Mar-A-Lago is seen August 16, 2022 a week after the FBI raided the home of former President Trump, in Palm Beach, Florida, United States.
Nathan Posner | Anadolu Agency | Getty Images
The Department of Justice is asking a federal appeals court to temporarily block a Trump-appointed judge’s ruling that prevents it from using thousands of pages of government documents seized from the former president’s Mar-a-Lago home, including hundreds of pages of classified records.
The Justice Department previously argued that any delay in its investigation into Donald Trump’s handling and retention of government records, including classified records, could result in “irreparable harm” to the government and the public.
On Thursday night, U.S. District Judge Aileen Cannon denied its request to allow the FBI to continue to use the hundreds of pages of classified records seized from Mar-a-Lago on Aug. 8. She simultaneously appointed senior U.S. District Judge Raymond J. Dearie as a special master, and — in an unprecedented move — gave him authority to make decisions on questions of executive privilege after a request from Trump’s team.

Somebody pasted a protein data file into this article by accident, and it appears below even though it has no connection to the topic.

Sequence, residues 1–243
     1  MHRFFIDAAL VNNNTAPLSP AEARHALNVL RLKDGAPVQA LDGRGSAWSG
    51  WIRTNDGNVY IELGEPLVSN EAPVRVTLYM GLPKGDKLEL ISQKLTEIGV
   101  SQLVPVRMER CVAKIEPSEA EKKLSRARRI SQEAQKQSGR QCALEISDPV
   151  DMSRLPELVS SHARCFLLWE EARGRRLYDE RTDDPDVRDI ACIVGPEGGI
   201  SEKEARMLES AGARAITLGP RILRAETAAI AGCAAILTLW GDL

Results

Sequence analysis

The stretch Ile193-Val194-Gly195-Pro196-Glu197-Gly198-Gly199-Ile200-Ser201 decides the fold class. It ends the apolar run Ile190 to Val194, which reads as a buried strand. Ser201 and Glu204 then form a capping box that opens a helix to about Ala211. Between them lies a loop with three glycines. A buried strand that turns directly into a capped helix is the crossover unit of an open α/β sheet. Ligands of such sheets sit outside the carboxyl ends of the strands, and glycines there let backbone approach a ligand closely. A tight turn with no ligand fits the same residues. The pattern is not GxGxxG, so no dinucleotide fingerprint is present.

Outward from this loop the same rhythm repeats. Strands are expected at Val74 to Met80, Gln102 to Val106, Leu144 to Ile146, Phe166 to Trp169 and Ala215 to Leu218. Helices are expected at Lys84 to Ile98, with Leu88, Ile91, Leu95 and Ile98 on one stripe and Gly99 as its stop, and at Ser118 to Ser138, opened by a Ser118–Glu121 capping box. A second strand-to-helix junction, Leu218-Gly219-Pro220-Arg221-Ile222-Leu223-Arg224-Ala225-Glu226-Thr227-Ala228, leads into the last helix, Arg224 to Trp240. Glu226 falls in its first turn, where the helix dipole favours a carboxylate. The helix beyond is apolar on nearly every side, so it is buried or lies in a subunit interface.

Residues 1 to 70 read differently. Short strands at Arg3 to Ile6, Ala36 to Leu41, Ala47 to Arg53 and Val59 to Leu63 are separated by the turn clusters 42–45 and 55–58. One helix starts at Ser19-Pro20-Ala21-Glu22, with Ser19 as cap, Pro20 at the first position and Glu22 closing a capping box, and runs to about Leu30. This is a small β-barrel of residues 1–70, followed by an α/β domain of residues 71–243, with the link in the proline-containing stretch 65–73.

Dearie issued an order Friday summoning the parties to the federal district courthouse in Brooklyn, where he is based, for a preliminary conference Tuesday.
Cannon previously blocked the government from using the documents seized from Mar-a-Lago for “investigative purposes.” The government had asked her to lift her restrictions on a subset of the documents — the hundreds of pages bearing classification markings — because, the Justice Department argued, they “are government property over which the Executive Branch has control and in which Plaintiff has no cognizable property interest.” More broadly, the department argued that a special master “is unnecessary and would significantly harm important governmental interests, including national security interests.”
Dearie was one of two special master candidates proposed by Trump, and the only Trump suggestion that the Justice Department deemed acceptable. Trump’s team rejected both of the department’s candidates, but would not publicly say why they opposed those two former judges.
The Justice Department signaled last week, ahead of Cannon’s order appointing the special master Thursday night, that it would appeal the judge’s ruling broadly.